Acute limb ischemia in COVID-19 patients despite therapeutic anticoagulation: Experience from Africa

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Thrombosis Update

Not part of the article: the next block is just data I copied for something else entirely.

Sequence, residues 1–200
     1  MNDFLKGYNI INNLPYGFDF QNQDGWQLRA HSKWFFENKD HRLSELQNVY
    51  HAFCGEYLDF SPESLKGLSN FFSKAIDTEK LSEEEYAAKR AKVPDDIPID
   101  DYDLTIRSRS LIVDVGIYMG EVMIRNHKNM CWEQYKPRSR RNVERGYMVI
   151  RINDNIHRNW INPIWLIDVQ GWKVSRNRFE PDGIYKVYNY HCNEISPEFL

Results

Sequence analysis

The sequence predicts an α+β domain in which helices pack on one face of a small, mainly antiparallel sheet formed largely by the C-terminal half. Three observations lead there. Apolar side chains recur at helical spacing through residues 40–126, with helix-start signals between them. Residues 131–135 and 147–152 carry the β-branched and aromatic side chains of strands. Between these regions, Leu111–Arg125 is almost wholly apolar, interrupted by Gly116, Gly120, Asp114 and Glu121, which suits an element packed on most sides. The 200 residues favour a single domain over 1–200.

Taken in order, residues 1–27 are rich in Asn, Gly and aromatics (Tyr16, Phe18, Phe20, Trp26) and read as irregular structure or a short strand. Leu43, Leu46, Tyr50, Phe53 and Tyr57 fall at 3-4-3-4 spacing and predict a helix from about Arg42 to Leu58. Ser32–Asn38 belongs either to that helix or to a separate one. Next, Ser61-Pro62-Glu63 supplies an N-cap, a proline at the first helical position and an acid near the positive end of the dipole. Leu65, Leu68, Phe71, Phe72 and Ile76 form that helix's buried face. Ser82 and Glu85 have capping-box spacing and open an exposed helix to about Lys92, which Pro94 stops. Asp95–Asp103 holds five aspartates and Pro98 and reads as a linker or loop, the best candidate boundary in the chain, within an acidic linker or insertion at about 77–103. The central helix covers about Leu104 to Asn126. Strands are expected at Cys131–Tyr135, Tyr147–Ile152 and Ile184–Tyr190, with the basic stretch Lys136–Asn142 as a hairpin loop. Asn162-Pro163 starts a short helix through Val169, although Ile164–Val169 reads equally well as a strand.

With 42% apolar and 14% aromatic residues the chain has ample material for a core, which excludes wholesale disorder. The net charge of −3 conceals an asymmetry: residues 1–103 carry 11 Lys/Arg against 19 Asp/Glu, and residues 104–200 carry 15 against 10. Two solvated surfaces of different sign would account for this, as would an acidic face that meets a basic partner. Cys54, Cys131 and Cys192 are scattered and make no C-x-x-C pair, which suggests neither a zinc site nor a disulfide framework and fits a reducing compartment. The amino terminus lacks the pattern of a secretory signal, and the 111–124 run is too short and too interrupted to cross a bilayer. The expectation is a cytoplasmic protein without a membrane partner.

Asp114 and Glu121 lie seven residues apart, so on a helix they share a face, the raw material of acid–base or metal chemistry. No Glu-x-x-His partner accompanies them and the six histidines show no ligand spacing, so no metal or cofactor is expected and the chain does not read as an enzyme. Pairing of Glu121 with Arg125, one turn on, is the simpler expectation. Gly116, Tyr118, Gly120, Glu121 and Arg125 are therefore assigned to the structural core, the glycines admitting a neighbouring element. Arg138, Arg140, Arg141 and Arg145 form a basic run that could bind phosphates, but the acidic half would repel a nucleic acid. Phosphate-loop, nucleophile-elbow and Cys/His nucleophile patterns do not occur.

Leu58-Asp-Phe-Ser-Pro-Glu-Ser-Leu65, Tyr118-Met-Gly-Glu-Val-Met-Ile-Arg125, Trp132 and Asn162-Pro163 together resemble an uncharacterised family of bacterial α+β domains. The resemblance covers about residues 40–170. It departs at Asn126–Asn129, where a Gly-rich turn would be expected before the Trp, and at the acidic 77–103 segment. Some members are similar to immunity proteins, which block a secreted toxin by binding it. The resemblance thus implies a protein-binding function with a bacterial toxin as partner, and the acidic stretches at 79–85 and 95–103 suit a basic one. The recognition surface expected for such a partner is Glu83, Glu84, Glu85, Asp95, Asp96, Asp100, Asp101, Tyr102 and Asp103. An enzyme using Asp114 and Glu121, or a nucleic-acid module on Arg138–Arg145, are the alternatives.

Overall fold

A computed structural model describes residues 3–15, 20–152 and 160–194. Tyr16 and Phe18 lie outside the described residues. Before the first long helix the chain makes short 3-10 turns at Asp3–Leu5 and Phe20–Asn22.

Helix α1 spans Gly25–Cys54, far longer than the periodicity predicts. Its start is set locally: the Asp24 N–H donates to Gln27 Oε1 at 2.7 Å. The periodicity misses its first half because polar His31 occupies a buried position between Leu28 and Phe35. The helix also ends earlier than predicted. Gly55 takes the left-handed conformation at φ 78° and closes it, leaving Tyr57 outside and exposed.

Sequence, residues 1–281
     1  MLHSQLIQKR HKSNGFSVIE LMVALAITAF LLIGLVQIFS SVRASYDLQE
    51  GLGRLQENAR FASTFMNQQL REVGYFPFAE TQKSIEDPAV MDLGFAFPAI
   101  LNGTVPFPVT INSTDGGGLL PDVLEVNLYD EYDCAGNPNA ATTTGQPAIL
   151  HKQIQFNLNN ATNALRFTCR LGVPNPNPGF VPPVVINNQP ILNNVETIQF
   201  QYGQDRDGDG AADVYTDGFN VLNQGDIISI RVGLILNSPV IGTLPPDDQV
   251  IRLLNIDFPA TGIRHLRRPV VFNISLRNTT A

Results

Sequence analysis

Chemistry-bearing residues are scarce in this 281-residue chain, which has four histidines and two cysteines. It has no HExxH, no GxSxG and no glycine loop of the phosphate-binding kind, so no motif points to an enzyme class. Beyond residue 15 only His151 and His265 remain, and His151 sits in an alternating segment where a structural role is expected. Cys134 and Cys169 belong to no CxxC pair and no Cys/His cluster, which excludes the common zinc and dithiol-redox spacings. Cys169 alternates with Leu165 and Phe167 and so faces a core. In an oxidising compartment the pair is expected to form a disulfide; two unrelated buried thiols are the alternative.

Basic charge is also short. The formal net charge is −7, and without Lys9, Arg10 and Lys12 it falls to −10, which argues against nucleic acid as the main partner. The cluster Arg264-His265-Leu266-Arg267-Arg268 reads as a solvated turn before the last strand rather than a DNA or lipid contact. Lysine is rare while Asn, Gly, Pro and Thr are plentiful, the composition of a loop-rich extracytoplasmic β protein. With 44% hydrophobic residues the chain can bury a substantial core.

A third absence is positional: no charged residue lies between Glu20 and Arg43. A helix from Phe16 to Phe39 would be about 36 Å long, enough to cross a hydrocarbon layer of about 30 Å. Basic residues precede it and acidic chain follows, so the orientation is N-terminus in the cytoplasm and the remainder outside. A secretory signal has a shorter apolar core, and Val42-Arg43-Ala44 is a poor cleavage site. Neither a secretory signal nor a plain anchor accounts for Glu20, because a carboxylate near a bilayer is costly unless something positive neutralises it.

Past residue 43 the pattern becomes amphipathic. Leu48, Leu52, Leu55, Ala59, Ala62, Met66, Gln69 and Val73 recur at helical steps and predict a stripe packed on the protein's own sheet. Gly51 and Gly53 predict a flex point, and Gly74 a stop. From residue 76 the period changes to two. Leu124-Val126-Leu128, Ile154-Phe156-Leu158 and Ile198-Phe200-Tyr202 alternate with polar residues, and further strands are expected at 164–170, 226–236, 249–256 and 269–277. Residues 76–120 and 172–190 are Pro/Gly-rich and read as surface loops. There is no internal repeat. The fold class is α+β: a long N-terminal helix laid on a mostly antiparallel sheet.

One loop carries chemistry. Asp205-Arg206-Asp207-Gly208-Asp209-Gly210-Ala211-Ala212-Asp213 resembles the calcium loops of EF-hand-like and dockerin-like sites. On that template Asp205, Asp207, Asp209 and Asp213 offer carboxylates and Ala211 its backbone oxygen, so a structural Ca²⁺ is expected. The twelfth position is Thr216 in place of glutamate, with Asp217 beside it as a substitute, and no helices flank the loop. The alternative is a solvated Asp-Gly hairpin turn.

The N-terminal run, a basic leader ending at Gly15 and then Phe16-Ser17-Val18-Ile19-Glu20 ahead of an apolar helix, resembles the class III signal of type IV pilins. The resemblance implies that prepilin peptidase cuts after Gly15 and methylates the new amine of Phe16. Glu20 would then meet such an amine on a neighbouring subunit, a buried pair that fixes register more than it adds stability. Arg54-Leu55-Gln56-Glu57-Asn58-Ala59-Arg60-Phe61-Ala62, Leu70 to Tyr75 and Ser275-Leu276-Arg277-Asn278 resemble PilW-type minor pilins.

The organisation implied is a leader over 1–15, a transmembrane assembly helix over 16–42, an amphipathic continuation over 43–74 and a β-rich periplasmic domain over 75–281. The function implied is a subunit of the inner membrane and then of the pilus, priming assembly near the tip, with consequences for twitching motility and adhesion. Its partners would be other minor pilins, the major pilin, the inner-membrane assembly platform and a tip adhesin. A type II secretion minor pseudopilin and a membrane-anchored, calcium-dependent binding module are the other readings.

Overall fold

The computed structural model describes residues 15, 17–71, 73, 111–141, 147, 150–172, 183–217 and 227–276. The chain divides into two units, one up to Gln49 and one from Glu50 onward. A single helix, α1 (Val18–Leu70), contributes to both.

Background: Hypercoagulability is a common complication seen in COVID-19 infection. However, arterial thrombosis such as acute limb ischemia (ALI) is far less common. Data on the incidence and nature of arterial thromboembolic complications in patients with COVID-19 is limited, originating from a few case reports and case series. Data in the African continent are very scarce. Method: This is a case series of 10 patients with COVID-19 who developed ALI while on treatment at Eka Kotebe General Hospital, Addis Ababa, Ethiopia. All patients with ALI and COVID-19 admitted between February 1, 2021, and December 31, 2021, were retrospectively identified and reviewed. COVID-19 was confirmed by RT-PCR and ALI was confirmed by Doppler ultrasound and/or computed tomography angiography in the presence of clinical suspicion. Results: A total of 3098 patients were hospitalized with confirmed COVID-19 during the study period. In a series of 10 patients, 8 (80%) males with a median age of 53.5 years were included. All except one (10%) had one or more risk factors for ALI and one had a ‘possible’ case of vaccine-induced thrombotic thrombocytopenia (VITT) associated with ALI. All were admitted with severe COVID-19 and most (80%) developed ALI during hospitalization (median of seven days from admission). The median duration between COVID-19 and ALI symptom onset was 14.5 days (IQR, 11–15). The majority (60%) were taking therapeutic anticoagulation at the time of ALI onset which is the standard of care for patients with severe disease. Five (50%) were successfully revascularized (median time of 3.5 days) and the rest underwent amputation. All survived and were discharged improved. Conclusion: ALI can occur in the context of COVID-19 even while a patient is on therapeutic dose anticoagulation and in the absence of traditional risk factors. It is wise to be vigilant of this complication for timely intervention and better treatment outcomes.



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